Here, some ontological features of the dialogue of cultures are revealed: understanding in the context of “misunderstanding” is precisely a special commensurate of consciousness and being. My understanding of other cultures is precisely possible against the background of the fact that their own existence is much more complex and multidimensional than the framework of my perception of the latter. However, the modern information society also imposes its own limitation on the peculiarities of perception and understanding of other cultures: here a certain “instrumental” approach begins to emerge, in which priority is given not to the spiritual principle, but to some systemic “cuts” and influences. Thus, L.A. Ornatskaya, considering ideas about the dialogue of cultures in domestic research, notes: “In domestic literature, the term “dialogue of cultures” is most often used as a metaphor to denote the influence of one culture on another. The idea of ​​“reciprocity” is very rarely confirmed. Meanwhile, the dialogue of cultures presupposes the presence of two subjects, two poles of interaction. At the same time, the emphasis is on borrowing: there is dialogue where there are borrowings. But since not all interactions between cultures can be declared a dialogue (many of them are “monologue” in nature and associated with various types of violence), in the practice of specific research, cultural dialogism is associated with those borrowings that are made voluntarily. But the voluntariness of borrowing cannot always be established. Let us remember the complaints of A.I. Herzen about how potatoes were planted in France and Russia. In Russia - by force, and in France - by cunning (“with the mind”), but is it voluntary? Borrowing mechanisms such as imitation, seduction, complexes about a stronger culture are difficult to unambiguously evaluate based on the criterion of voluntariness, not only because they can be used for manipulative purposes, but also because they presuppose a minimum of this very will.

However, this is not the main thing. When the problem of dialogue of cultures is identified with the problem of mutual influences and cultural contacts, it loses its “existential” content. The main question is not whether one culture borrowed something from another and, in turn, shared something with it, but whether these contacts and borrowings contributed to the establishment of its originality, and, in principle, survival. In dialogue, culture defends its right to existence, independence and specialness. Selective, fragmentary facts of borrowings in themselves do not indicate anything other than a statement of these borrowings” [5, p. 53–54]. What the authors mean here is that particular manifestations of intercultural communications can be understood from a more general position of integrity.

The civil culture of an individual in the context of a culture of consent without its cultural-dialogical “cut” turns out to be incomplete impure, since without this the civil culture of the individual is deprived of its essential value-humanistic dimension. Close to this position is the interpretation of the culture of consent by M. P. Menyaeva, who in her dissertation notes that “relations of consent, based on the values ​​of non-violence, justice, mercy, tolerance, etc., are necessary at all levels of human existence (individual, supra-individual, global). Their significance lies in ensuring the stability and security of human existence, preserving the integrity of the world in all its diversity, thereby sustainable development” [7, p. 16]. Clarifying this concept, the author writes: “a culture of consent can be presented in two ways. It is a way of organizing human co-existence in order to ensure safety, survival, creation of life and sustainable development, as well as a method of personal identification, thanks to which, in the course of a person’s unity with others, a person’s awareness and understanding of himself occurs, without which it is impossible building an individual “human world” and enriching it. Therefore, the culture of consent is constructive” [7, p. 18].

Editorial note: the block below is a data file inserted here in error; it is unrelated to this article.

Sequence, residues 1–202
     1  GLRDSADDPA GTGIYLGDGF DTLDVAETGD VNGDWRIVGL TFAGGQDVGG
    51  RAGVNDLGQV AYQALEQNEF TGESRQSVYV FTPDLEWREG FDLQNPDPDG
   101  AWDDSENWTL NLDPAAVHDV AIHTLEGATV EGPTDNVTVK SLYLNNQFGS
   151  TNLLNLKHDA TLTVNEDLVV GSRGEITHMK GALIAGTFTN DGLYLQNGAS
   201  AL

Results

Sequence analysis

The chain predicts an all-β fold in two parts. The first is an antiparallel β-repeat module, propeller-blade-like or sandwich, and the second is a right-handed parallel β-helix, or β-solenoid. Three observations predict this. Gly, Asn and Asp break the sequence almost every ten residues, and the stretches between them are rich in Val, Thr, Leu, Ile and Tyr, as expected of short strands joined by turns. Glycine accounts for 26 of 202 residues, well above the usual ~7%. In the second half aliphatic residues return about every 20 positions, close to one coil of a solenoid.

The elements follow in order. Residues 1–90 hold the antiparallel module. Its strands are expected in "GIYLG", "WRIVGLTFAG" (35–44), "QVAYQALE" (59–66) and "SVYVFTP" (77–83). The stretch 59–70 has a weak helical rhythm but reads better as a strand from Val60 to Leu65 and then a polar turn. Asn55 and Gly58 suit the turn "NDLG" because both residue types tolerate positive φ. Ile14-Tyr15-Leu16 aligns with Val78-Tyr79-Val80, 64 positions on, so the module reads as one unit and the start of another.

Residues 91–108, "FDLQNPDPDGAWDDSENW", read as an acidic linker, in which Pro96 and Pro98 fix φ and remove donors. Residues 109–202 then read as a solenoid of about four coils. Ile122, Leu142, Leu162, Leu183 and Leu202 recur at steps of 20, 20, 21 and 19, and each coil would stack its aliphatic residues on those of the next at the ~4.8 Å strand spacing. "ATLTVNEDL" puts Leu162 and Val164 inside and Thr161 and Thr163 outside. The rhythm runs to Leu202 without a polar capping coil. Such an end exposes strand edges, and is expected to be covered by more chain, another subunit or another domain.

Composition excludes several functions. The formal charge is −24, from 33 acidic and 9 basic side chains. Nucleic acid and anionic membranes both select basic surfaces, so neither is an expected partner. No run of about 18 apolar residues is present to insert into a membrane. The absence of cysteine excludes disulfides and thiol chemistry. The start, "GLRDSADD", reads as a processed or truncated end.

Thus, the culture of consent essentially acts as a kind ofsecond globally oriented education, which integrates those planetary (systemic) directions and levels of sociocultural communications in which supraregional mechanisms for regulating modern international processes in their integrity and diversity arise and are strengthened.

This context turns out to be very important from the point of view of ensuring the mastery of the content of intercultural communications. “The dialogical approach presupposes the opportunity to see another culture not as a world of objects, “cultural facts,” ordered by the monologue thought of a scientist, but as a world of “mutually illuminated consciousnesses, a world of associated semantic attitudes,” that is, to make it speak in many voices, “revive” [5, p. 54]. This, in principle, means that “the dialogue of cultures, if we take its ethical component, is not so much a fact of today as a project trying to realize one of the possibilities of human existence: to live in peace with other cultures, without compromising one’s own, the implementation of which requires enormous strong-willed, intellectual, social and political efforts" [5, p. 60]. As a result of intercultural dialogue, a higher level of their interaction is formed, which is a product of special sociocultural reproduction. The latter represents the real activity and communication of cultural subjects of individuals, groups, organizations, ethnic groups, nations in the sphere of intercultural dialogue. Here a complex set of intercultural agreements and identifications is created - from the development of a common platform - a position in relation to each other and to modernity - to private agreements on cultural tourism, educational programs, the organization of exhibitions and presentations, and scientific research.